Ever since Bush announced that he was sending 20,000+ more U.S. troops to Iraq, he has said he would not do so unless there was “a plan” for using them. He then ordered senior military officers to create one. Nevertheless, whenever people in the Bush Administration have talked about “the plan,” they haven’t actually described one. They haven’t described “a plan” to send more troops to Iraq’s borders to prevent foreign insurgents from entering the country; they haven’t described “a plan” to clear and hold territory; they haven’t described “a plan” to bolster security in Baghdad, etc. Instead, the “plan” refers not to any troop mission, but rather to Bush’s decision to order the troop surge. In a monument to circular thinking (and to a profound waste of lives and taxpayer dollars), the troop surge itself has become “the plan.” People in the Administration now talk about Bush’s “plan” to send more troops to Iraq, without ever bothering to notice that there is still no articulated reason to send more troops.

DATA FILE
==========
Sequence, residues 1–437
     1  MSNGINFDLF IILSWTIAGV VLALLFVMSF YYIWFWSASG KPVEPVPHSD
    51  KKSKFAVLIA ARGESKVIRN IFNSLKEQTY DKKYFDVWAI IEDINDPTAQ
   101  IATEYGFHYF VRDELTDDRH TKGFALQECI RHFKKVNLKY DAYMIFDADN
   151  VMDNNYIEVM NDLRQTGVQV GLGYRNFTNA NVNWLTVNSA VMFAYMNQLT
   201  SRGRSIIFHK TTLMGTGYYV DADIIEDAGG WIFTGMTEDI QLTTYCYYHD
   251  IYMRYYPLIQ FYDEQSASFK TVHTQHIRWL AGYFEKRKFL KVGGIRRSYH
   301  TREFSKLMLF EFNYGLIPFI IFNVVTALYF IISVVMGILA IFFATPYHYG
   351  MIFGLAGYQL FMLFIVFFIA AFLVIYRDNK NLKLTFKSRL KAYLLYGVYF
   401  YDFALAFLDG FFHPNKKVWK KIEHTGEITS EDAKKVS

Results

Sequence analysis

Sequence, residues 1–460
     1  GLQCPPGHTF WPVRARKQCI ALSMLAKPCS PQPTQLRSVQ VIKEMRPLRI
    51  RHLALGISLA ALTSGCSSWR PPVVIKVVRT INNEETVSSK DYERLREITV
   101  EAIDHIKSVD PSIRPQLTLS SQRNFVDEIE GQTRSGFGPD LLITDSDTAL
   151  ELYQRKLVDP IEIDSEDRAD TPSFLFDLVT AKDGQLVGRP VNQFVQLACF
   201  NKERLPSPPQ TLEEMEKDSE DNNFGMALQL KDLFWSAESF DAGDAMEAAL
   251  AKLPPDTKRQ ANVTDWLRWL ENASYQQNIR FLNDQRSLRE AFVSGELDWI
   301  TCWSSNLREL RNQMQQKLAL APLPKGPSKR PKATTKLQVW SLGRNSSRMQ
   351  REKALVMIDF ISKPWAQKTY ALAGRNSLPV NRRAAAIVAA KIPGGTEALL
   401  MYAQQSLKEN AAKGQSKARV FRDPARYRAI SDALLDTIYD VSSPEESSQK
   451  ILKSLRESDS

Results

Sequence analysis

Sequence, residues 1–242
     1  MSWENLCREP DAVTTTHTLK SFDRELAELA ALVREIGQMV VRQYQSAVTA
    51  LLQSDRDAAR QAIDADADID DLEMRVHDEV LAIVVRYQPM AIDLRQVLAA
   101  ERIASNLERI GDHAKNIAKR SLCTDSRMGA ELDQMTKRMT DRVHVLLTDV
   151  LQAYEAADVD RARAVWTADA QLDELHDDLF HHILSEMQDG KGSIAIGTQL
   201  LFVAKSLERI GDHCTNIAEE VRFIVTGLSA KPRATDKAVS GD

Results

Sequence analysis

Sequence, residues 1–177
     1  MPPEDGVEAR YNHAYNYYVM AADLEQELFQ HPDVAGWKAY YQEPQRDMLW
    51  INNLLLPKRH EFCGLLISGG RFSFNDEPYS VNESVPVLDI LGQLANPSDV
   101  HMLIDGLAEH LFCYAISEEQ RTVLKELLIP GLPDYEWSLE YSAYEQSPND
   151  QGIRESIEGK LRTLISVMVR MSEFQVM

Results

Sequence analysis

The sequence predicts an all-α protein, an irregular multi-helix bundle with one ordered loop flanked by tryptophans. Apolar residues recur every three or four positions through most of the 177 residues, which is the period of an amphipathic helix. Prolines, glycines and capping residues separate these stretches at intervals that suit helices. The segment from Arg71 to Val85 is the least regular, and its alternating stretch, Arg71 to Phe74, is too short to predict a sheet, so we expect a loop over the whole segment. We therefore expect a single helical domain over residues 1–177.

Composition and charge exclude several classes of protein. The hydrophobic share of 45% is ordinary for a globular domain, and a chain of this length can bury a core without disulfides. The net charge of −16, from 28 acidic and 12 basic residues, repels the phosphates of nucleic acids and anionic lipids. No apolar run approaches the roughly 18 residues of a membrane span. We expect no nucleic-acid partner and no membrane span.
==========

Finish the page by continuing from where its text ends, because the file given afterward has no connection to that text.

So, why aren’t our elected officials or the mainstream media journalists pointing this out? Why, indeed.